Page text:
Barcelona-Catalunya-Spain, 18 August 2017. Sikh Gurdwaras in Barcelona are lending helping hand at the time of crisis after at least 13 persons have been killed and more than 50 injured in a terrorist attack in Las Ramblas district.

A Sikh man, Harjinder Singh Kukreja from Punjab took to Twitter to inform people that Gurdwaras in Barcelona are offering help to those who are in need.

“If anyone needs shelter, food, Sikh houses of worship in the Spanish city are open for all,” Kukreja tweeted.

In his tweet, Kukreja has posted information of two Gurdwaras in Barcelona: Gurdwara Nanaksar Sahib located at 08903, Carrer Rafael Campalans, 23, 08903 L’Hospitalet de Llobregat and can be contacted at +34 666 11 25 45, while Sikh Gurudwara Gurdarshan Sahib Ji located at Carrer de l’Hospital and can be reached at +34 934 43 88 82.

Earlier, External Affairs Minister Sushma Swaraj confirmed that there is no report of any Indian casualty in the attack. Indians, who are in an emergency, can contact the Indian embassy in Spain at +34-608769335.

“I am in constant touch with Indian Embassy in Spain. As of now, there is no report of an Indian casualty,” Swaraj tweeted.

Police in Barcelona have asked people around that region to stay indoors. They have urged those concerned about friends and family to use social media, rather than cellphone calls to avoid overloading phone networks.

Facebook also activated its safety check mechanism, allowing users near #Barcelona attack to mark themselves as safe.

Sikh Federation UK – 18 July conference in EU parliament

During the conference problems around wearing turban and 5 K’s in various EU countries were discussed. Belgium and France are two countries where Sikhs face very serious challenges. Underneath a write up I produced after the conference. 

The part about Belgium is going to be the basis of a position paper on the Belgian situation, France of course has to be dealt with by the French Sikhs.

Any comments and suggestions are more than welcome !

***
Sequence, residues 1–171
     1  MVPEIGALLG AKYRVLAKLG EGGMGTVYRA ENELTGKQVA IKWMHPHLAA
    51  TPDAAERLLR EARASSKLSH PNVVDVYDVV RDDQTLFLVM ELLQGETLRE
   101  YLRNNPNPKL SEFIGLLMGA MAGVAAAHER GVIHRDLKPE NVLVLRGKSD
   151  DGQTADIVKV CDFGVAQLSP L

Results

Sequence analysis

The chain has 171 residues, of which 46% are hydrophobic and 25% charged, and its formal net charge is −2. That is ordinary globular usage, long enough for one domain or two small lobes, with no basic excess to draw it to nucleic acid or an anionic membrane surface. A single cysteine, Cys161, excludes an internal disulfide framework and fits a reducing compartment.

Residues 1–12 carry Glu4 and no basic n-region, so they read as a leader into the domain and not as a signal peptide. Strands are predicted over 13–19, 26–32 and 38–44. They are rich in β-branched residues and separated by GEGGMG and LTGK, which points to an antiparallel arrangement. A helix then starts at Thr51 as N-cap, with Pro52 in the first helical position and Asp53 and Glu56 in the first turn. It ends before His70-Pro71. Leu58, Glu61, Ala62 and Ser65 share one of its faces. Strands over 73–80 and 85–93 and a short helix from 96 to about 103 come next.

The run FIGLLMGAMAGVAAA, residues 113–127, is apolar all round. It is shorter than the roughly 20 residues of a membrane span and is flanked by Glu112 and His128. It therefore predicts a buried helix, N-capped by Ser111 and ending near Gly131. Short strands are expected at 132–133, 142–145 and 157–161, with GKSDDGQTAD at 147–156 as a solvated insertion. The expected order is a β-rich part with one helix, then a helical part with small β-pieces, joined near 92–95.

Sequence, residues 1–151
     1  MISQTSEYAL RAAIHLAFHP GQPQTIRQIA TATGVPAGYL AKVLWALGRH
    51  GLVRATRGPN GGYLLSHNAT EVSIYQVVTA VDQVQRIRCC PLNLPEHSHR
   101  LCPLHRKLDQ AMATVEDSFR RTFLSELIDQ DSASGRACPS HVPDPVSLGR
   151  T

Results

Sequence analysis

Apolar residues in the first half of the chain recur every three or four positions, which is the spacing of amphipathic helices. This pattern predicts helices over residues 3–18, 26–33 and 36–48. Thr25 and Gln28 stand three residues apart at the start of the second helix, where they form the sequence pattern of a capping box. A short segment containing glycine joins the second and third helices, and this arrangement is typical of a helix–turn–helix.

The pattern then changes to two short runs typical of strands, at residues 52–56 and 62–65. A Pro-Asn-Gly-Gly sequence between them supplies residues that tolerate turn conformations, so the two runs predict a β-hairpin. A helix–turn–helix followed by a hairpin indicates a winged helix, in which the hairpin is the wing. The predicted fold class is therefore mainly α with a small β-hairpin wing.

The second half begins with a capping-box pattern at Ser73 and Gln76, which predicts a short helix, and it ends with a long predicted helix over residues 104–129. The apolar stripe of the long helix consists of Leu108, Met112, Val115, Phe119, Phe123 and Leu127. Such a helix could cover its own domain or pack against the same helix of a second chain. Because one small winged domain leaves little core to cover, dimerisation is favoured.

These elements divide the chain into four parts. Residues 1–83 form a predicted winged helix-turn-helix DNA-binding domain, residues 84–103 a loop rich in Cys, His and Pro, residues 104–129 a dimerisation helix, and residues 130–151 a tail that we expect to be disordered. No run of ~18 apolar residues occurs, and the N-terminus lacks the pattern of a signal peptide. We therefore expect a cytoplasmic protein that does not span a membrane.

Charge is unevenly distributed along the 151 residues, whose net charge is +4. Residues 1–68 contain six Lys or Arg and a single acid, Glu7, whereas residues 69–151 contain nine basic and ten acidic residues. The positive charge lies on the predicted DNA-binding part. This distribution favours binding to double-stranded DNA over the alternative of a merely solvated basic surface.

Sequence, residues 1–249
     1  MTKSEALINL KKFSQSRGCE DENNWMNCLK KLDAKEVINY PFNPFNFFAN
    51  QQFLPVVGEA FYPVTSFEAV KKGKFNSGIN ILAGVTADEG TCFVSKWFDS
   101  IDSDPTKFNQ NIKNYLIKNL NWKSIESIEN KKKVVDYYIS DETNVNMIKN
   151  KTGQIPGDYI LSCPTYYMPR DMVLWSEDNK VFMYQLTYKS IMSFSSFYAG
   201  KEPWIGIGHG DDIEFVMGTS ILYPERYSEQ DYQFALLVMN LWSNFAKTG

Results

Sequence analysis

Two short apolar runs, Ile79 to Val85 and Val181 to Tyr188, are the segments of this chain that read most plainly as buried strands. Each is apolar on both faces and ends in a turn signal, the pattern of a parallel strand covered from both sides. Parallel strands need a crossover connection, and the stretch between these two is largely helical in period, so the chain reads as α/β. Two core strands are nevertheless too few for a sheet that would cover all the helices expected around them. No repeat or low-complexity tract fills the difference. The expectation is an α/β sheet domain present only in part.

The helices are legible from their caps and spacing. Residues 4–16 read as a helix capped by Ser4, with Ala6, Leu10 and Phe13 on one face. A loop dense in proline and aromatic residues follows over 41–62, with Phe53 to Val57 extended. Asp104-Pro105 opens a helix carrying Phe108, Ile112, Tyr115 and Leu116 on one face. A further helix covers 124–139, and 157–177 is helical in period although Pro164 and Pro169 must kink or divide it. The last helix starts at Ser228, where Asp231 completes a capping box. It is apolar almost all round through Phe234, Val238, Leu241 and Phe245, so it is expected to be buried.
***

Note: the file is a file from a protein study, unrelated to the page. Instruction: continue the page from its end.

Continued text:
Man in Blue

Belgium – France: Fundamentalist Secularists

I expect we will get further input from people like Ranjit Singh and Gurdial Singh. We must not forget that in France it is not just in education that Sikhs face very serious challenges, but also in the workplace, about pictures on driving licences, ID cards and passports and even when entering town halls and other public places.

In Dutch speaking Belgium the community (GO) schools have banned all religious symbols, some municipal schools allow turbans patkas, and there is a lot of hesitation and fear of the unknown in the Catholic schools in spite of its coordinating director being in favour of dialogue between Christians and people of other faith and beliefs.

Here in Gent I have been successful helping parents to find a place in some schools, but nothing is easy. The situation in Antwerp, which has a big Afghan Sikh community, is dire, as the three main networks (Community, Municipal and Catholic schools) have agreed to follow the bad example of the Community schools and ban all religious symbols.

Throughout Dutch speaking Belgium there are some Muslim schools, mainly of the Gülen movement and an independent one in Antwerpen. They would accept Sikh students, but they do not cover the full range of secondary school studies offered in this country.

Anybody with a Sikh, Muslim or other ‘exotic’ first and/or last name will have difficulty to find employment and to rent an apartment. I could only find an apartment in Sint-Truiden and Gent through Sikh house owners, not through the normal channels.

When speaking by phone with my nice Netherlands accent and presenting myself as C H S Heule the estate agents were happy to deal with me, once they saw me and my full name on my ID card there were no apartments available.

With a letter from a Gurdwara stating that you are a member of the Sikh community you are allowed to have a picture with turban/patka on your passport, driving licence and ID card.

Harjinder Singh
Man in Blue

The Indian Express – A day in the life of Golden Temple Langar: Free for all

Around 80,000 devotees, 65 quintals of flour, 16 quintals of pulses, 14 quintals of rice, 7 quintals of ghee daily. What lies behind SGPC’s claim that GST is pinching its Rs 1,106-crore budget